World Bank Report On Air Pollution:
The World Bank released a report titled ‘Striving for Clean Air: Air Pollution and Public Health in South Asia’.
- The report details how persisting with policies currently being implemented (largely since 2018) will yield results but not to the desired level.
Highlights of the Report:
- Six large airsheds exist in South Asia, where the air quality in one can affect the air quality in another. They are:
- West/Central Indo-Gangetic Plain (IGP) that included Punjab (Pakistan), Punjab (India), Haryana, part of Rajasthan, Chandigarh, Delhi, Uttar Pradesh.
- Central/Eastern IGP: Bihar, West Bengal, Jharkhand, Bangladesh
- Middle India: Odisha/Chhattisgarh
- Middle India: Eastern Gujarat/Western Maharashtra
- Northern/Central Indus River Plain: Pakistan, part of Afghanistan; and
- Southern Indus Plain and further west: South Pakistan, Western Afghanistan extending into Eastern Iran.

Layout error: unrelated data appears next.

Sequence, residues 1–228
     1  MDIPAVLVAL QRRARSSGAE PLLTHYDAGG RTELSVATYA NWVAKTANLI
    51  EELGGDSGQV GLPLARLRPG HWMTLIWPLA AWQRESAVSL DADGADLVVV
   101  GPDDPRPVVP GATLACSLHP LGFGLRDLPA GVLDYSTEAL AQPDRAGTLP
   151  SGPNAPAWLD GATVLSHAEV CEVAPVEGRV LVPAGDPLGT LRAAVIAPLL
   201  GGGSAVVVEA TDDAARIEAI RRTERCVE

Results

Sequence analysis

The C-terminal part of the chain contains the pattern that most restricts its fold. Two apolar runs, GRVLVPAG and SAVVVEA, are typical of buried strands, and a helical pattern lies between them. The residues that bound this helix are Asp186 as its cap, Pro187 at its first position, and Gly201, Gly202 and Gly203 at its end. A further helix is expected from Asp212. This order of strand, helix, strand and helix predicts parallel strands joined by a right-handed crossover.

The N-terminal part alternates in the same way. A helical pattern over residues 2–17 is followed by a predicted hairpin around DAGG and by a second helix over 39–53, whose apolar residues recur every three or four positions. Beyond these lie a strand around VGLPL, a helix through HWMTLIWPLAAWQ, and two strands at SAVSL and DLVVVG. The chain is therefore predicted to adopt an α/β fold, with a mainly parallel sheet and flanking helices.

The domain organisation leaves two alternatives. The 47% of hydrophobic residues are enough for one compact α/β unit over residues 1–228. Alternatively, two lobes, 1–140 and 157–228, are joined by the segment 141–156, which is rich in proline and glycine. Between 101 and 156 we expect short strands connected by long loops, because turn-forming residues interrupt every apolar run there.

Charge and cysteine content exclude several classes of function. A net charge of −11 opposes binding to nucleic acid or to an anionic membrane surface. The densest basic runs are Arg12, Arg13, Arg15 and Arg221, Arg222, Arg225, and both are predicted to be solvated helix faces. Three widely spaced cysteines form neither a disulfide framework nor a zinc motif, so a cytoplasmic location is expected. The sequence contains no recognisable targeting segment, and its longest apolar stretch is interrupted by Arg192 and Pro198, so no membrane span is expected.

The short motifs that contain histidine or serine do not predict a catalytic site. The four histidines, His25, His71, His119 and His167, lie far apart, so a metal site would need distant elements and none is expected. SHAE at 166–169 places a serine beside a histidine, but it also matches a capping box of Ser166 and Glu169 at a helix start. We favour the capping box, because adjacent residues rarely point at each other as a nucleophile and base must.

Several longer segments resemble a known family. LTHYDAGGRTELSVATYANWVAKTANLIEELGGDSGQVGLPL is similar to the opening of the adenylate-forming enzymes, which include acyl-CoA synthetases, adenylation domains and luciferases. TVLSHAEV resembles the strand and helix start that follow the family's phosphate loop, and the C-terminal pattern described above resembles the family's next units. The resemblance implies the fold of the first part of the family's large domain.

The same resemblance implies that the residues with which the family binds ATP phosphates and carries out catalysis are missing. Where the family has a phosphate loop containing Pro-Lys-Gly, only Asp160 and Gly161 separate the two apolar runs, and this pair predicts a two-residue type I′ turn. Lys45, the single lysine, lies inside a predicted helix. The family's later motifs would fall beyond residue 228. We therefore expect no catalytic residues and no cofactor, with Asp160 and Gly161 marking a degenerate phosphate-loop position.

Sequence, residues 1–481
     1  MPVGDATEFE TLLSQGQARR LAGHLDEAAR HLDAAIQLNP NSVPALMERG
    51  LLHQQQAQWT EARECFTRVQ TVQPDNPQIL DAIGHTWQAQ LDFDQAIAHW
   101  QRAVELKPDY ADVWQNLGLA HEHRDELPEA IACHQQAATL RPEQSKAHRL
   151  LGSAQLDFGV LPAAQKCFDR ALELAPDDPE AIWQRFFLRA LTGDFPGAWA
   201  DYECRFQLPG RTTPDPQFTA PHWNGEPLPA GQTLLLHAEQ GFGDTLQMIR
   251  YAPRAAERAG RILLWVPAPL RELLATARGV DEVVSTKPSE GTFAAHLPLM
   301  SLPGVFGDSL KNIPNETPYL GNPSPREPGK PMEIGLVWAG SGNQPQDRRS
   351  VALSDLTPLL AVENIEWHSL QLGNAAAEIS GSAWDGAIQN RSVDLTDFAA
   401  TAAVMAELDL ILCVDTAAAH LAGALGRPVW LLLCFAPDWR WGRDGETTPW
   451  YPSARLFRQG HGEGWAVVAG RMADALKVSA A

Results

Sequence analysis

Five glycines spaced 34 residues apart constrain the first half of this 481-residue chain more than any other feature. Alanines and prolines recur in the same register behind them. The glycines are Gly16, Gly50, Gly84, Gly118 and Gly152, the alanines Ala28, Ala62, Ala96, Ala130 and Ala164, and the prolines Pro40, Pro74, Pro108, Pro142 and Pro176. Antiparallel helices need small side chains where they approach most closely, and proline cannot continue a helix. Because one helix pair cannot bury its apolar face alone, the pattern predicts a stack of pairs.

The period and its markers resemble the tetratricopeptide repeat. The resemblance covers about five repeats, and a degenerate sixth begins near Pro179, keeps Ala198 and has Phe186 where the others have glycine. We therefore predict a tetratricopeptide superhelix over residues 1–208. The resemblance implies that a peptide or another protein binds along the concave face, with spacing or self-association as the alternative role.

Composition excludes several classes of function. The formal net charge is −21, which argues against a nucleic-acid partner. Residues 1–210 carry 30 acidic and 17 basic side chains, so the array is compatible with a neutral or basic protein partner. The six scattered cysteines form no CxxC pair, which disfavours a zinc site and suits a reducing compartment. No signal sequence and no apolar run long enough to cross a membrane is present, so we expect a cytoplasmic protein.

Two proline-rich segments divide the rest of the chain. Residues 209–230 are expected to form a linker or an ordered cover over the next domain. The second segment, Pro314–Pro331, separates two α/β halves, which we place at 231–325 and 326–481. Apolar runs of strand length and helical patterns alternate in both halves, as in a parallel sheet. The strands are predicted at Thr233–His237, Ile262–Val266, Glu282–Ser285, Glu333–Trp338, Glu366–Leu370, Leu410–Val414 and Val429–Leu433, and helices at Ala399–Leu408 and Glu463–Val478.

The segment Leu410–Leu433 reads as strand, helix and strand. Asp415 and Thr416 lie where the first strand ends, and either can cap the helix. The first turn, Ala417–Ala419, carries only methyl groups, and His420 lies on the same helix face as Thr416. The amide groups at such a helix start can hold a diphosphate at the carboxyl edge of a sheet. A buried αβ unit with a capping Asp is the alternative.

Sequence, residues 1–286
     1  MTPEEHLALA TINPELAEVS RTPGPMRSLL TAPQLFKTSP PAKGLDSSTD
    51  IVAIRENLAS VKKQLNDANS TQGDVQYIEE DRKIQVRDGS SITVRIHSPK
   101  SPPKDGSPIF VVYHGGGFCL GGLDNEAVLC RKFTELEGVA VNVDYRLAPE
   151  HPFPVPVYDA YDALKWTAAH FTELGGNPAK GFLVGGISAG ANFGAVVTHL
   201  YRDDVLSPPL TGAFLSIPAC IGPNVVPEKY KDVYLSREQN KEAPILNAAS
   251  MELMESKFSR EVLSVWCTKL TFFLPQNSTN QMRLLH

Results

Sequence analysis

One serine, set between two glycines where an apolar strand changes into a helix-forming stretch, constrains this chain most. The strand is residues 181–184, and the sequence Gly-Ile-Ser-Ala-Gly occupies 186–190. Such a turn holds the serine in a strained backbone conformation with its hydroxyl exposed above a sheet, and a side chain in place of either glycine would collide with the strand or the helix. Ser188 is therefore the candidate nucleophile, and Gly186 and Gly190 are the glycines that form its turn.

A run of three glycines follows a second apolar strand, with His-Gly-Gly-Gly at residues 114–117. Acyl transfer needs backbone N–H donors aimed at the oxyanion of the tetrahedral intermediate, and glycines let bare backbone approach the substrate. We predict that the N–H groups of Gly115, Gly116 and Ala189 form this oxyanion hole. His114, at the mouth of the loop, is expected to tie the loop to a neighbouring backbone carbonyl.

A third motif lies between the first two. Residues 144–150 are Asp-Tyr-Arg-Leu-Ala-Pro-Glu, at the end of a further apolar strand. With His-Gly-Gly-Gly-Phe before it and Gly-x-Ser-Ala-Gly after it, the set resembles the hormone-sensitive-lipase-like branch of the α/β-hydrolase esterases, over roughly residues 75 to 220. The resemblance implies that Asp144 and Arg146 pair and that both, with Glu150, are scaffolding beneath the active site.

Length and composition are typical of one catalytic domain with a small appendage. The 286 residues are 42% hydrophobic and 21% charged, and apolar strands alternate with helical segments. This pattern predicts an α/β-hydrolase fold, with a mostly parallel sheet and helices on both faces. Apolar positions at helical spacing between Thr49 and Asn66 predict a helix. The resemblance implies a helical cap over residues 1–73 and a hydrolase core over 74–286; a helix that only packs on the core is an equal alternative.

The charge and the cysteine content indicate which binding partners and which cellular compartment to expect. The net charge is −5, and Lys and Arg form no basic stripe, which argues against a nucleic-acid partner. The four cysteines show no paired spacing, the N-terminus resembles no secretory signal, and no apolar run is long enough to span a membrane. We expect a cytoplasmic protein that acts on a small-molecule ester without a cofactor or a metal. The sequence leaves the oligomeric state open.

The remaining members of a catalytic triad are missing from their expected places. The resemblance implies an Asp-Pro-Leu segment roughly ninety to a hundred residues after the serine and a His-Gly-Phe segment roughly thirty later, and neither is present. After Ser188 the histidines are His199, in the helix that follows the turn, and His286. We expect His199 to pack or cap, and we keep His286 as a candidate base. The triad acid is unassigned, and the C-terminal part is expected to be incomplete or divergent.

- When the wind direction was predominantly northwest to the southeast, 30% of the air pollution in Indian Punjab came from the Punjab Province in Pakistan and, on average, 30% of the air pollution in the largest cities of Bangladesh (Dhaka, Chittagong, and Khulna) originated in India.
- In some years, substantial pollution flowed in the other direction across borders.
- Currently over 60% of South Asians are exposed to an average 35 µg/m3 of PM2.5 annually.
- In some parts of the IGP it spiked to as much as 100 µg/m3 – nearly 20 times the upper limit of 5 µg/m3 recommended by the World Health Organisation (WHO).
- Large industries, power plants and vehicles are dominant sources of air pollution around the world, but in South Asia, other sources make substantial additional contributions.
- These include combustion of solid fuels for cooking and heating, emissions from small industries such as brick kilns, burning of municipal and agricultural waste, and cremation.